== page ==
Kākā
PHOTO: Sabine Bernert ©

Introduction

Project Kākā aims to restore the diverse native forest bird, insect and plant communities in Tararua Forest Park.

Through an intensive 10 year pest control and monitoring programme, DOC and other organisations and volunteers are working together to target species that are the biggest threat to native bird life and forest systems.

The project is named for the iconic native parrot the kākā, plentiful on nearby Kapiti Island and at Pukaha Mount Bruce, and representative of the many species that are expected to become more abundant as a result of this programme.

This initiative began in 2009 and covers a 22,000 ha area from Otaki Forks to Holdsworth campground. View map of Project Kākā zone (JPG, 279K).

The Project Kāka zone covers the most used areas of the park, so that as many people as possible will experience the expected improvement in forest health and increase in bird life. It includes a diverse range of forest types including fertile river valleys and higher altitude beech, kāmahi and fuchsia forests.

Effect of pests on native species 

  • Possums are mainly vegetarians, but eat the flowers, fruits and leaves of plants that are key food sources for many native birds and invertebrates. They also eat bird eggs and fledglings, as well as invertebrates.
  • Stoats are a key predator of many birds, particularly when they're nesting as they eat the eggs.
  • Rats are also a constant source of predation, especially for the smaller forest birds such as bellbirds, robins, riflemen and fantails.

About the project

A possum attacks a bird’s nest. Photo: David Mudge.
A possum attacks a bird’s nest

1080 bait pellets are distributed by GPS-guided helicopter throughout the operational area (see map) in spring every 3 years, starting in 2010.

Project Kākā is also intensively monitoring changes in the adjacent forest areas over a 10 year period and comparing them to changes in the Project Kākā zone to learn more about how to improve pest management in the park.

About 1080

Fuchsia excorticata. Photo: Jeremy Rolfe.
Fuchsia

1080 is an effective toxin for pests such as possums, rats and stoats and is particularly suited because the area to be treated in this operation covers a huge landscape of remote and rugged terrain, making ground control impractical. It is estimated that controlling possums alone, using ground control, would cost at least 3 times as much and would leave many areas untreated.

The use of GPS technology in helicopters allows for even coverage of bait and accurate placing of 1080 within the operational area boundaries, avoiding sensitive areas such as huts or water intakes. Overall, this results in better pest management and less risk to visitors to the area.

1080 is biodegradable so does not accumulate in the environment or persist in soil or water. In favourable conditions, soil micro organisms break down 1080 in about two weeks.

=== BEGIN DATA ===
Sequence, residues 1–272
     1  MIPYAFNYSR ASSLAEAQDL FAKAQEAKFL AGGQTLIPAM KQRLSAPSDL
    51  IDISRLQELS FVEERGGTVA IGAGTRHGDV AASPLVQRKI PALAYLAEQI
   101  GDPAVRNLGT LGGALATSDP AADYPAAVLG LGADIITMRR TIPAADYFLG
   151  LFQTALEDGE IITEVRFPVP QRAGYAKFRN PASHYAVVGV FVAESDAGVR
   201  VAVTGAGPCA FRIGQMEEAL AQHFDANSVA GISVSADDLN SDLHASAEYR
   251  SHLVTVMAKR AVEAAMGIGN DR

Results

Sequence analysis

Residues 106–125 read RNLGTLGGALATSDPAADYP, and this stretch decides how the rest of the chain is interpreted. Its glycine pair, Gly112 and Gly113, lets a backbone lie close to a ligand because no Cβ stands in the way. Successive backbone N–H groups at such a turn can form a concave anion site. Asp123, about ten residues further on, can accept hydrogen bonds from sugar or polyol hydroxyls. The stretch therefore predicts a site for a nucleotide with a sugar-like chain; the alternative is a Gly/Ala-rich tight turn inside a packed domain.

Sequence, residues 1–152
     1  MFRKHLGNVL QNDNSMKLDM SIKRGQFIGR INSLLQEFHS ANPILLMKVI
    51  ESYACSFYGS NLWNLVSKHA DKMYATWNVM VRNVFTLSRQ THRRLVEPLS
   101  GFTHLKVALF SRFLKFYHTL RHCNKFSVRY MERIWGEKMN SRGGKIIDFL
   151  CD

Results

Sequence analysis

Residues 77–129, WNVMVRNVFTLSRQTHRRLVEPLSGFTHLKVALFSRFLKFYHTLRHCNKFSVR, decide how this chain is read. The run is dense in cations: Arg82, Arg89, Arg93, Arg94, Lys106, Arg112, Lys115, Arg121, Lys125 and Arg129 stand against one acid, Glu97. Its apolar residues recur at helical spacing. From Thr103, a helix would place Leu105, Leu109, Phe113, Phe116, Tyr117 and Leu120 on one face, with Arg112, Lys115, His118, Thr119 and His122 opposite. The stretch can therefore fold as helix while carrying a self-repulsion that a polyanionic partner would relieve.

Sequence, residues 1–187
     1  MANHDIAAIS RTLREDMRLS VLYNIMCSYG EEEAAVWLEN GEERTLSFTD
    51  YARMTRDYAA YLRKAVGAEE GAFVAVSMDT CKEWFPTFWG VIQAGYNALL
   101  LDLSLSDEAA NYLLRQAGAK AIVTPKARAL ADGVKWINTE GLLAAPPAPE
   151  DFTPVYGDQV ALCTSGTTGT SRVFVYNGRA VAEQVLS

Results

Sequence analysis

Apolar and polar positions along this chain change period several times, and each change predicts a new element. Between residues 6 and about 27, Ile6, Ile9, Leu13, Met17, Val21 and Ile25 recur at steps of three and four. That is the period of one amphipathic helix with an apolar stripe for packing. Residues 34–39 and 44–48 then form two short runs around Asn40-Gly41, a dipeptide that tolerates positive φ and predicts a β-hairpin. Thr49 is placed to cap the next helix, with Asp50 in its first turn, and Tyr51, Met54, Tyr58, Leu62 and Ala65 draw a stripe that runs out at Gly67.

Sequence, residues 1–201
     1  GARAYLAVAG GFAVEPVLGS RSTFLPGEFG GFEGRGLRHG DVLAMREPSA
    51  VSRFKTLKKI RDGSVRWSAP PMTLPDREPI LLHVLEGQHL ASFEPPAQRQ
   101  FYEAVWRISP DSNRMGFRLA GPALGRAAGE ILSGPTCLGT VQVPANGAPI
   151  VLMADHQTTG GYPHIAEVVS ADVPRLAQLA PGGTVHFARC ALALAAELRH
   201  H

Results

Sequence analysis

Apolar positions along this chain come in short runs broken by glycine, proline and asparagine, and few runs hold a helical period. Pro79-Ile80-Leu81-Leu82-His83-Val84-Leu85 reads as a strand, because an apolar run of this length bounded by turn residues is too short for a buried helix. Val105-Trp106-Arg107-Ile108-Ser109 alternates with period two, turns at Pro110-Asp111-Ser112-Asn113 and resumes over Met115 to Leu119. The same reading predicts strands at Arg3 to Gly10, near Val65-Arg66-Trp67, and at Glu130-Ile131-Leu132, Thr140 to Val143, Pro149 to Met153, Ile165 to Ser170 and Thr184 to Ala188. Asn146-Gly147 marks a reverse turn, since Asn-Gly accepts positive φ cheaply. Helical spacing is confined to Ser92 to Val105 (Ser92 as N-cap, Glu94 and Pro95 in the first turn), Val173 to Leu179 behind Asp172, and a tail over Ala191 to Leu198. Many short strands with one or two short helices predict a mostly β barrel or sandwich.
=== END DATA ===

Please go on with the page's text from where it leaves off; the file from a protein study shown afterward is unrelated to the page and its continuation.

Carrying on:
Results

Intensive monitoring undertaken by DOC, TBfree New Zealand, Landcare Research and Greater Wellington Regional Council since Project Kākā was initiated has shown significant drops in pest numbers and increasing populations of some native bird species.

Counts of riflemen, whiteheads and kākāriki increased following the first 1080 operation in 2010, compared to the non-treatment area where no 1080 was applied. These species are able to breed quickly but are also very vulnerable to predation. They can give us an early indication if pest control is working.

Progress reports

Progress report to 2013 (PDF, 1,005K)
This report summarises the results of Project Kākā pest animal and bird monitoring programmes between 2009 and 2013.

Project background and progress report 2010–2011 report (PDF, 5330K)
The report outlines the rationale for Project Kākā, and summarises the results of activities over the first two years – 2010 and 2011.

Likely outcomes

As we collect more data over the 10 year term of the project, the effect of 1080 on forest birds and pest animals in Tararua Forest Park will become clearer. We may also start to see positive changes in bird counts for slower breeding species, such as kākā, which is likely to be boosted by the arrival of birds from nearby strongholds on Kapiti Island and at Pukaha Mount Bruce.

North Island kākā . Photo: Ross Henderson.
North Island kākā

If sustained pest control can be achieved, it may be possible to reintroduce locally extinct birds including robins, whio (blue duck) and kiwi.

Trampers in the Atiwhakatu Valley, Tararua Forest Park. Photo: Jeremy Rolfe.
Trampers in the Atiwhakatu Valley,
Tararua Forest Park

The same method is being used to monitor weta numbers (though not a pest species!). Deer densities are being assessed based on faecal pellet counts.

How you can help


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